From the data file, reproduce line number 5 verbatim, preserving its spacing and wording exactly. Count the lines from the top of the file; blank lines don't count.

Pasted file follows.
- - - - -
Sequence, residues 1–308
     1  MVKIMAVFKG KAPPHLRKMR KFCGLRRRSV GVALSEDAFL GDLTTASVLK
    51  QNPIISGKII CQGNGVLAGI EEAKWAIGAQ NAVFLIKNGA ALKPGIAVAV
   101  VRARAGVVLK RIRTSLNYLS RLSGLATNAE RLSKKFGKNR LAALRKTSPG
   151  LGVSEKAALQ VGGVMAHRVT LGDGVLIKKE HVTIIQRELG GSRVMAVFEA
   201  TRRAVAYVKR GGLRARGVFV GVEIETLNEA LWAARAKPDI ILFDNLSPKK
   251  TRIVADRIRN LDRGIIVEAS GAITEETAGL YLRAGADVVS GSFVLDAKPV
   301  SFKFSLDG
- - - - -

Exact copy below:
   151  LGVSEKAALQ VGGVMAHRVT LGDGVLIKKE HVTIIQRELG GSRVMAVFEA